What a tsunami looks like, after almost two years
One of the easiest, yet most impressive, trips one can make from Banda Aceh, is to drive out of town in southern direction, along the coastal road to Meulaboh. There is no need to go all the way to Meulaboh, and in any case that would have taken well over 8 hours in the days we lived here, no, just half-an-hour is sufficient. This was the road that was completely wiped out by the tsunami, and the main reason why it took the best of two weeks to assess the damage and estimate total number of casualties. Nobody could reach the worst affected areas.
You can see the road on the satelite images, one from before and one from after the tsunami. By now, things have improved somewhat, of course, but there is still not much. The initial stretch of road passes several TLCs, temporary living quarters that consist of long barracks with individual rooms, often housing a family per room. Beyond the TLCs, the road follows the coast line, past pristine sandy beaches, the occasional palm trees, and so once in a while a number of colourful fishing boats, either moored offshore or pulled up onto the beach.
The only other feature in the landscape are the foundations. Nothing else, only the foundations of the houses that had been here before Boxing Day 2004, are left. In fact, there is not a single building in sight anymore, except for the TLCs. Everything, everything has been wiped out, washed away, literally razed to the ground. And if you then look a little further land inwards, you note the hills, in fact steep, almost vertical mountain sides that rise out of the coastal strip, some 100 to 500 m away from the coast. With a little imagination, you can also see what happened here, when the tsunami stuck. People running away from the water, but with no place to go; they were certainly not getting up those vertical mountain walls, impossible. They had no place to go. They all died. All of them.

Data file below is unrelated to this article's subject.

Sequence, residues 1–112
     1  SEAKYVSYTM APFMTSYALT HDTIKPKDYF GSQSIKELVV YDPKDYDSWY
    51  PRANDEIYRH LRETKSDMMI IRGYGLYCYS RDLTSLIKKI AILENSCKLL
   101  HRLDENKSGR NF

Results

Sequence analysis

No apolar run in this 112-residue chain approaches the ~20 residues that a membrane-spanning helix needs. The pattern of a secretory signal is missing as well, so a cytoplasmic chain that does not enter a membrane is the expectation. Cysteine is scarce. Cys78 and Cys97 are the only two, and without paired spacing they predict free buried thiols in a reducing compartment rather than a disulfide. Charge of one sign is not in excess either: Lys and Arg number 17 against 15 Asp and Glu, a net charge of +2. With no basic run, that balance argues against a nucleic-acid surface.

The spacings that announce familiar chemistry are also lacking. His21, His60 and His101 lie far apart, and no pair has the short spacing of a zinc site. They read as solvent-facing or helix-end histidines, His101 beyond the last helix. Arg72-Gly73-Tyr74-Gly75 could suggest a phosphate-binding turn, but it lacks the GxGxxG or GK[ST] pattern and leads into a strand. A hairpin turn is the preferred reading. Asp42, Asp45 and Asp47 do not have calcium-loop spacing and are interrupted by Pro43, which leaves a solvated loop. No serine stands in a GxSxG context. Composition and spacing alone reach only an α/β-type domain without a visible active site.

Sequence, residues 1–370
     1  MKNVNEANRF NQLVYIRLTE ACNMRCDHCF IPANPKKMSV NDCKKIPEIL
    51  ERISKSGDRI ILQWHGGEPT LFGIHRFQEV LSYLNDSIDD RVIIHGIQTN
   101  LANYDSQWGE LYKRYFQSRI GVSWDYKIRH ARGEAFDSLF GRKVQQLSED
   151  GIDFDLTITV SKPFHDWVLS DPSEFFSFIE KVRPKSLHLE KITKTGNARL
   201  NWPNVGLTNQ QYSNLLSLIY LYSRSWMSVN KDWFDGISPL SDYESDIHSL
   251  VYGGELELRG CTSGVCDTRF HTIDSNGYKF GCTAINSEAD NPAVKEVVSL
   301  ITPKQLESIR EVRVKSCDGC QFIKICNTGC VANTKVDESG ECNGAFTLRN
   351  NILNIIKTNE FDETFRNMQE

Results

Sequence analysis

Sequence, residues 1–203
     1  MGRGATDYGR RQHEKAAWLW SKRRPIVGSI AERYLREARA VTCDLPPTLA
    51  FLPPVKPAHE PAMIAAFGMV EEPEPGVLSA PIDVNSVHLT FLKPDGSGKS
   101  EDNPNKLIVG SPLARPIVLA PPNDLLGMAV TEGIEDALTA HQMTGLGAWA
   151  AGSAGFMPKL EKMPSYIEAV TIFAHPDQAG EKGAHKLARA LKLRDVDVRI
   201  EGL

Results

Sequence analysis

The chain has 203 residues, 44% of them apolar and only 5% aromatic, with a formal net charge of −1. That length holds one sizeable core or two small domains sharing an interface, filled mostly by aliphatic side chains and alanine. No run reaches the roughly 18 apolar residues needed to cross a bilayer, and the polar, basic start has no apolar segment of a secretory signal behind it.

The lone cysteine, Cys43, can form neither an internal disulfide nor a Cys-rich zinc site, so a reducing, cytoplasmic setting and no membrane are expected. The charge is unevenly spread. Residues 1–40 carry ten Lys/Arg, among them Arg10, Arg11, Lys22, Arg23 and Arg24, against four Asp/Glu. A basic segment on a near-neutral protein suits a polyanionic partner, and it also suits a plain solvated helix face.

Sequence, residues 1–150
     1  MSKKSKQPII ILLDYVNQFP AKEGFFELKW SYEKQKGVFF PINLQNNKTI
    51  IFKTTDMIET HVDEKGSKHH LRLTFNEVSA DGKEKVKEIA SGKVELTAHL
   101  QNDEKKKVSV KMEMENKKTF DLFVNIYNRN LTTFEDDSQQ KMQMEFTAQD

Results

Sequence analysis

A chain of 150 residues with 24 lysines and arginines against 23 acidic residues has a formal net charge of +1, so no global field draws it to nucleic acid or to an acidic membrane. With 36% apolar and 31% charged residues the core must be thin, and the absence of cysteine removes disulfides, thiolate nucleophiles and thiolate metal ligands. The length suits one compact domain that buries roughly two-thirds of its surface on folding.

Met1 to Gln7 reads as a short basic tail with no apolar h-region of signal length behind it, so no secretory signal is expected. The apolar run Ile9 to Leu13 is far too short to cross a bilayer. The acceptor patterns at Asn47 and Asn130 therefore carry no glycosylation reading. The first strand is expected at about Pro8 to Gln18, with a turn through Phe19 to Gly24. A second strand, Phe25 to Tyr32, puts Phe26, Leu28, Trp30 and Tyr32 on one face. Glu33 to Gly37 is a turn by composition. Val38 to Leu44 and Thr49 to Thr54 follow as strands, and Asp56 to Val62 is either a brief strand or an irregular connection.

Everywhere in Aceh, and especially in Banda Aceh, there are visual reminders of the tsunami, almost two years afterwards. But there is no other place where one is confronted so directly with the absolute hopelessness of the victims, than on that coastal road to Meulaboh. And there is no need to go all the way…
Next: 04. the field trip